To change and shift an organization’s culture from “what was and is, to what can be,” may be one of the most challenging issues facing any new leader.
While new leadership can be exciting and promises positive opportunities, change can also be threatening. Therefore, making change should always be approached as a process over time, and not as an abrupt event. It’s unfortunate that many good leaders who could be great leaders, sometimes miss this important point. Some leaders also miss another important point — in leadership as in life, there is seldom a second chance to make a first impression — making a positive impression at the outset can mean the difference between success and failure, both for new leadership and for the ability to bring about change.
The term “organization” derives from such words as “organic, organism, organ and organize,” reinforcing the belief that organizations are “living parts, systems or bodies of people connected by a common purpose.” If we accept this description, it is, therefore, critically important that new leaders recognize and understand that a group or organization is dynamic, and that how well they react, respond or adapt to change can often depend on three factors — preparation, acceptance and capacity.
While the following tips for success are not rocket science and are part of a wider leadership strategy, I find them helpful to successfully leading and managing change in a variety of organizational settings. They are what I consider “best practices” and I refer to them as:
“The Four C’s of Positive Change Management”
As a new leader, starting off on the right foot is “a make or break” proposition. To avoid a difficult beginning, first check your assumptions about the people and the organization you are about to lead. Take the time and make the effort in the beginning to research, learn and understand the organization’s culture and its members. Consult with employees, partners and stakeholders to gain valuable insights and knowledge about internal and external relationships. Good consultation means carefully listening to and observing others, with the goal of creating and maintaining an atmosphere of trust. Learn about what matters most to the people, partners and stakeholders who work for and with the organization. Remember that before making changes of any kind, conducting meaningful consultation will demonstrate your respect for the views and opinions of others, your willingness to seek input, and your commitment to the future well-being and resilience of the organization and the people in it.
Make regular inclusive communication a priority, especially when contemplating change. Ensure that everyone in the organization has the right information, at the right time and in the right place. Leaders fail when they fail to adequately communicate. Information is power but it also empowers. When communicating, be authentic, consistent and clear and when sharing information, be accurate and timely. Try to “close the communication loop” so that any outstanding issues or questions are resolved or addressed. Interpersonal communication is also critical to effective leadership, whether these skills are used with individuals or in groups. There are a variety of communication tools that can be useful when managing or leading an organization towards change, and it is important to assess which tools will best meet the organization’s needs and goals. Remember, that to promote mutual understanding and knowledge, a leader should also include two-way communication by creating opportunities for people in the organization to have a voice — this is the empowerment side of the information-sharing equation. Feedback can also help to guide an evaluation of how information is received, processed and used by individuals, groups and the organization as a whole.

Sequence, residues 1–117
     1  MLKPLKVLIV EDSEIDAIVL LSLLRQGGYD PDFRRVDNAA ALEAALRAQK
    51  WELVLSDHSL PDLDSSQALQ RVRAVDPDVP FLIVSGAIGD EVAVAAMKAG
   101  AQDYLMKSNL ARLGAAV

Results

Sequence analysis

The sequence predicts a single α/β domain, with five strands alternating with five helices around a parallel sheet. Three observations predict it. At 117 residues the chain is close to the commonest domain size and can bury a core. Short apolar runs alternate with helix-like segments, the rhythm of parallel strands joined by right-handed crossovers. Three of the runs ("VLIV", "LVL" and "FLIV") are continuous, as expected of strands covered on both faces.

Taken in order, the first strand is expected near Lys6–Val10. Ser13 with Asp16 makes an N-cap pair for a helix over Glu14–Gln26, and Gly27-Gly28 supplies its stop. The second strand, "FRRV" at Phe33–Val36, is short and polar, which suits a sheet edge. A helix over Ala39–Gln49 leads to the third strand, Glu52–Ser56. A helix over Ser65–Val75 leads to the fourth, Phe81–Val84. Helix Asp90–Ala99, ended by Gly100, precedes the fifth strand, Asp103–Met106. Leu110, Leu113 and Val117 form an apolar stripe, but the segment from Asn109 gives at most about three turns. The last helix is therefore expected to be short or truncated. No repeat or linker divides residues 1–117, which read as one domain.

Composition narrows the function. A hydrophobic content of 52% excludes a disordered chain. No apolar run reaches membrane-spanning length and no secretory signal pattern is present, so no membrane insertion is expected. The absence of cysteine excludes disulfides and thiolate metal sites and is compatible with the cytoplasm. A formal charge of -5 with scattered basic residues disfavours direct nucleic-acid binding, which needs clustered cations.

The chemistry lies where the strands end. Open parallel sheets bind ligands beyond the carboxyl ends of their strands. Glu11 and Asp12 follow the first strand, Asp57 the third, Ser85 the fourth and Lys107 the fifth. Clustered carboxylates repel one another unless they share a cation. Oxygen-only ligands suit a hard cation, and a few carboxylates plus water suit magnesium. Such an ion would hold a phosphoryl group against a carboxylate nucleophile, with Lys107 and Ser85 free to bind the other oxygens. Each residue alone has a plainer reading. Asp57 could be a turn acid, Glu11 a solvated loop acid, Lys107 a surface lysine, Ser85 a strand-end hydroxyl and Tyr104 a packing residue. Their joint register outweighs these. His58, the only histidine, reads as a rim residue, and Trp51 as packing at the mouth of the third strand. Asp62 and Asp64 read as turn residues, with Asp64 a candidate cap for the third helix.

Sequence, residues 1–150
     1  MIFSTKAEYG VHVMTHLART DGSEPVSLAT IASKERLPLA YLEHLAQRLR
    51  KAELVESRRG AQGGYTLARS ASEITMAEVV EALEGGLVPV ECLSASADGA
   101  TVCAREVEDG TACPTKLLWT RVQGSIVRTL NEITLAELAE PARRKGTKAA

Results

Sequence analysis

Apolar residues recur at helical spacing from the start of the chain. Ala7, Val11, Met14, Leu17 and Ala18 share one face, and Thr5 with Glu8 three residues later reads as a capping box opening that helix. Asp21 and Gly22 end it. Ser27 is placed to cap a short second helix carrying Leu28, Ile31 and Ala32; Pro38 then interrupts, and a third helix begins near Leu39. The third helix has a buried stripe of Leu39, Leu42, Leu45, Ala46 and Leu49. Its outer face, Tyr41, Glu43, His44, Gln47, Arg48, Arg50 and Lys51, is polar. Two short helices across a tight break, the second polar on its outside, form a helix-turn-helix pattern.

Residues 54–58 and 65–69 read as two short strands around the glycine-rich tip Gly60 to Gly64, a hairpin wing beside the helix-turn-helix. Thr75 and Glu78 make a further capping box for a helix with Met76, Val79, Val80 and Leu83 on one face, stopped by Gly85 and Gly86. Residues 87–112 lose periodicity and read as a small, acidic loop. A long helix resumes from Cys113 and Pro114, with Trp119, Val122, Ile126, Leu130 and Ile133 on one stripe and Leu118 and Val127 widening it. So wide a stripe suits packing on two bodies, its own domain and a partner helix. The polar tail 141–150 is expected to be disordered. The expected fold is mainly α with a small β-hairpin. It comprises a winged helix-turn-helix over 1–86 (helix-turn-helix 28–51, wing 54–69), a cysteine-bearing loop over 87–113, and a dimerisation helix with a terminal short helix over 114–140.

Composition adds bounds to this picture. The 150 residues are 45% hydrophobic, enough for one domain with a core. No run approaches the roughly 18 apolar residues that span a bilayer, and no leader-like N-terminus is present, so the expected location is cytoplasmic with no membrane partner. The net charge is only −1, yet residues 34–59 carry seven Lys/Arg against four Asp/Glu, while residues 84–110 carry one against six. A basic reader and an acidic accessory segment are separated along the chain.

Successful leadership involves working together and sharing knowledge, skills and resources. The best leaders follow as well as lead, reach out instead of down, and always seek and value ideas and experiences from others. It is important that collaboration is well planned and integrated with other leadership skills because, in my experience, not to collaborate puts leadership, people and the organization at risk. Without collaboration, making change will be a struggle for any leader who does not choose to work together as part of a change management team. Meaningful collaboration will also support the development of a common vision, mission and plan, and will validate the work and skills of others. Collaboration also builds capacity, both in the organization and among individual members and teams.
Cooperation is the application of shared wisdom to achieve goals and set priorities for the future, instilling in members a sense of commitment to the larger group. Willingness to cooperate inside and outside an organization or group illustrates shared leadership, a process of working and acting together for mutual benefit. Studies suggest that creating a cooperative environment also leads to better efficiencies and results, both for individuals and groups, and sets the stage for making positive change. Group or individual resistance to change can be avoided if, at the beginning, a new leader demonstrates a cooperative attitude and models this behaviour at every opportunity.
Based on my experience and practice, if a new leader consistently applies these skills and abilities, the leader and the organization can move forward with confidence.